Carrie Coon Likes to ‘Play the Baddie’ in ‘The Gilded Age’

And then her gait, her gestures. How did you find those?

These costumes shape you in such a particular way. Women were supposed to glide, to be smooth. You weren’t supposed to see movement. But Bertha is an upstart and I felt that her hips should be involved. I don’t know how conscious that choice was. When you’re asked to walk into that foyer in a hat and a cashmere coat, you just have to sashay.

In this season the show has leaned further into melodrama. How does it feel to play those big theatrical scenes?

Terrifying, but wonderful. It just feels like you’re doing Eugene O’Neill all the time. But oh, gosh, we really do have fun. That’s the key to it: You can’t take it too seriously. You can’t take yourself too seriously. I’m not afraid of big choices, and I’m not afraid of people not liking Bertha, just like I’m not afraid, now that I’m 42, of anybody not liking me. So I try to have fun. There was one take when Bertha first saw Turner (Curran’s character) that was so hilariously broad. I staggered; I grabbed Morgan’s arm; I fell a little bit. As soon as the take was over, we howled because it was a hat on a hat on a hat on a hat.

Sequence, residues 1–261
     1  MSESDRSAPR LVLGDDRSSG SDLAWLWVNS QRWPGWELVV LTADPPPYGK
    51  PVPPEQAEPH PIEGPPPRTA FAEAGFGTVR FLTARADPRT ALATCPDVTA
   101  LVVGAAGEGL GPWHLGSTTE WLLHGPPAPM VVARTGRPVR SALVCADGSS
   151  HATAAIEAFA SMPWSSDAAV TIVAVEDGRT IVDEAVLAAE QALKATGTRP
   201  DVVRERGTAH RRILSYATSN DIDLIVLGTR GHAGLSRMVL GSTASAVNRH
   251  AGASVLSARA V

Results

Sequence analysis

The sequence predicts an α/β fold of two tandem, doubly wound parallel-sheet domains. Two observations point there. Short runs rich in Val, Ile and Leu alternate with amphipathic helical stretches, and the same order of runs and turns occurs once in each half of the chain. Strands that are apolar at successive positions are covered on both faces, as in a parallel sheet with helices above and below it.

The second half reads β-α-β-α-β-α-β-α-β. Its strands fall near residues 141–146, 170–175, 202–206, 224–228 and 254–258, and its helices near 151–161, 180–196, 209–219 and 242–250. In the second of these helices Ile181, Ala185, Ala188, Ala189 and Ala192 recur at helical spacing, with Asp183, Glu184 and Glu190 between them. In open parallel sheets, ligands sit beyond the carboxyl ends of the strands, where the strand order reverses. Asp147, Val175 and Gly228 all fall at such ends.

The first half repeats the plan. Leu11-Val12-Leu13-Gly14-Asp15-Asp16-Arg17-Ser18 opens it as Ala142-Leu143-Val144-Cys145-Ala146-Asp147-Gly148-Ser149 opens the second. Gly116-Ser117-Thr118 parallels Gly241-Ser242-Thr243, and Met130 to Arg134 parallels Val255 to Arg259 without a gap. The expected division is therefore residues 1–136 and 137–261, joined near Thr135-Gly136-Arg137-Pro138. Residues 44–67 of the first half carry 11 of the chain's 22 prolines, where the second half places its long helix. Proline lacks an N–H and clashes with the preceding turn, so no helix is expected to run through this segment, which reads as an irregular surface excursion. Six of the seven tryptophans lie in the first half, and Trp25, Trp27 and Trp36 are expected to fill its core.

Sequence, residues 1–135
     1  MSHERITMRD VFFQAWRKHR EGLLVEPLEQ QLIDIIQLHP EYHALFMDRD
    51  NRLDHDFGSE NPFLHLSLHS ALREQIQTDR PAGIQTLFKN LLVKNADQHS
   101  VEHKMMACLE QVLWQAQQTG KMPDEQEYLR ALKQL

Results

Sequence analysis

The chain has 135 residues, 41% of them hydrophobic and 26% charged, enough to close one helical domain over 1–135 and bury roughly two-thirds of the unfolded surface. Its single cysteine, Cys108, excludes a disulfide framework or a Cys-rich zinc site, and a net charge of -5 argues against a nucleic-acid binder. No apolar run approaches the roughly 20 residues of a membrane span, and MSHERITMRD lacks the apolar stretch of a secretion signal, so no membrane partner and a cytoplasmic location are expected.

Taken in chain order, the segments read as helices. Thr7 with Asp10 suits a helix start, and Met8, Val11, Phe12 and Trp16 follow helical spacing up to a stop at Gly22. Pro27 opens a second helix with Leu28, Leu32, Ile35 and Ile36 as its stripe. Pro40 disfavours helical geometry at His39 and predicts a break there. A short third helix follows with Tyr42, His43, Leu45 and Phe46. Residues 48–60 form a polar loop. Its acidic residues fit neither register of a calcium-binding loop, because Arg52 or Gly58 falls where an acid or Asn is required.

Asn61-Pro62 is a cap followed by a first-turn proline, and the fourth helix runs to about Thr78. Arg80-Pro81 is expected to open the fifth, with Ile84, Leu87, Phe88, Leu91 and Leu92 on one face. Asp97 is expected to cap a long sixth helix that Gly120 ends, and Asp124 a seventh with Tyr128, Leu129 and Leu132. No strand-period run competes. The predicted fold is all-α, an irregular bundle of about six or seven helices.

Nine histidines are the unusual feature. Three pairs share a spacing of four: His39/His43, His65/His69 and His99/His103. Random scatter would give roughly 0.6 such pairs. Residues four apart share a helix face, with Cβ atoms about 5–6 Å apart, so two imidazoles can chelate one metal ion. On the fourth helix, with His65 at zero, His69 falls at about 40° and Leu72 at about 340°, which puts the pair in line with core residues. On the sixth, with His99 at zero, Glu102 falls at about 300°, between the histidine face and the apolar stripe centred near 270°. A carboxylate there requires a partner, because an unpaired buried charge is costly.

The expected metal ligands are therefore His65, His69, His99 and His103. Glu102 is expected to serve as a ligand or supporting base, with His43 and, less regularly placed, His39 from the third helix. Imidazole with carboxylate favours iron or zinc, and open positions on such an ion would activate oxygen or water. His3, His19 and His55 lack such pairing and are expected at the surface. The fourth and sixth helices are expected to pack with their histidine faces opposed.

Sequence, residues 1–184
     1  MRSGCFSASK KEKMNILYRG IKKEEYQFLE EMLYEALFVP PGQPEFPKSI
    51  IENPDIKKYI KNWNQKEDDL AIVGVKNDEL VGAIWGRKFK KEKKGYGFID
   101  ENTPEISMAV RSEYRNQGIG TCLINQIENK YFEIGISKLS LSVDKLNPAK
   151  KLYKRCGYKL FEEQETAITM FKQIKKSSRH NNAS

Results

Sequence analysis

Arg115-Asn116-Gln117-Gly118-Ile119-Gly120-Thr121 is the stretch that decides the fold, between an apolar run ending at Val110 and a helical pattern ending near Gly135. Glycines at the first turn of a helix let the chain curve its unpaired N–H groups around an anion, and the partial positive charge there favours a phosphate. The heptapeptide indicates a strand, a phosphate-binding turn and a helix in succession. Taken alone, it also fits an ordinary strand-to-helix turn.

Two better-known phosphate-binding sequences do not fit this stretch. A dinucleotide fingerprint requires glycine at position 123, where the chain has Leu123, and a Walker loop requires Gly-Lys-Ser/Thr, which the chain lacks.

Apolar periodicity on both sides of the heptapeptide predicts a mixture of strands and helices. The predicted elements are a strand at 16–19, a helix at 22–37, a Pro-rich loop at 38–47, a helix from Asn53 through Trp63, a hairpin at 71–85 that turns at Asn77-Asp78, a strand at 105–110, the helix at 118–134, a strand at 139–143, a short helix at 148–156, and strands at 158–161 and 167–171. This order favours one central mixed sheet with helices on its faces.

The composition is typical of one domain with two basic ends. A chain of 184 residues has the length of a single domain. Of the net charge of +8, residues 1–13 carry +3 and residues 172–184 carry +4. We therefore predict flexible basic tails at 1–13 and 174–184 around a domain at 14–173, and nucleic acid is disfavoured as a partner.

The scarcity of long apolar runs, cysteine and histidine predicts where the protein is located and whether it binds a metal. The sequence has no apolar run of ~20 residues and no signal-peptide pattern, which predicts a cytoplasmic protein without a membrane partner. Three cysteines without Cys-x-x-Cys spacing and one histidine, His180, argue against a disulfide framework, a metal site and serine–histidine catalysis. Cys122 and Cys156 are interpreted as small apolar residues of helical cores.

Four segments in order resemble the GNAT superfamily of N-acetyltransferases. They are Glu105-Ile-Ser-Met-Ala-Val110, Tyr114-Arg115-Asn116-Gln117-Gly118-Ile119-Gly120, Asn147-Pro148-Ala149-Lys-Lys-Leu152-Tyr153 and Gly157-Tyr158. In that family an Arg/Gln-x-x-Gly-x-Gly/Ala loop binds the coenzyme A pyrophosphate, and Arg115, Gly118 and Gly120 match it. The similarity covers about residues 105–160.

Walking in that first day, we had no idea what we were doing. We didn’t know how big it was going to be. We didn’t know how much space there was. But as we were shooting, we were like, OK, I think we can handle a little more size. In Season 2, some of the exposition is out of the way, we’ve got the characters introduced. Now we get to have a little more fun.

This season focuses largely on the real-life battle between the Academy of Music and the nascent Metropolitan Opera. What is it a proxy war for?

We always draw a parallel with the moment when the Kardashians were invited to the Met Ball. The world of celebrity and what money can afford you, it’s really emblematic of that. The opera also represents the struggle in this country, this feeling of people resisting inevitable change and holding on very tightly to an older way of life.

Bertha ends the season in triumph. Could she have ended in any other way?

I don’t think so. The show is exploring a very particular time, an extraordinary time of industry and change and growth. We know already that the moneyed people won, the new people won. Where they weren’t invited, they built something new from the ground up. So her rise is really inevitable. She’s an inexorable force. There’s nothing that will stop her.

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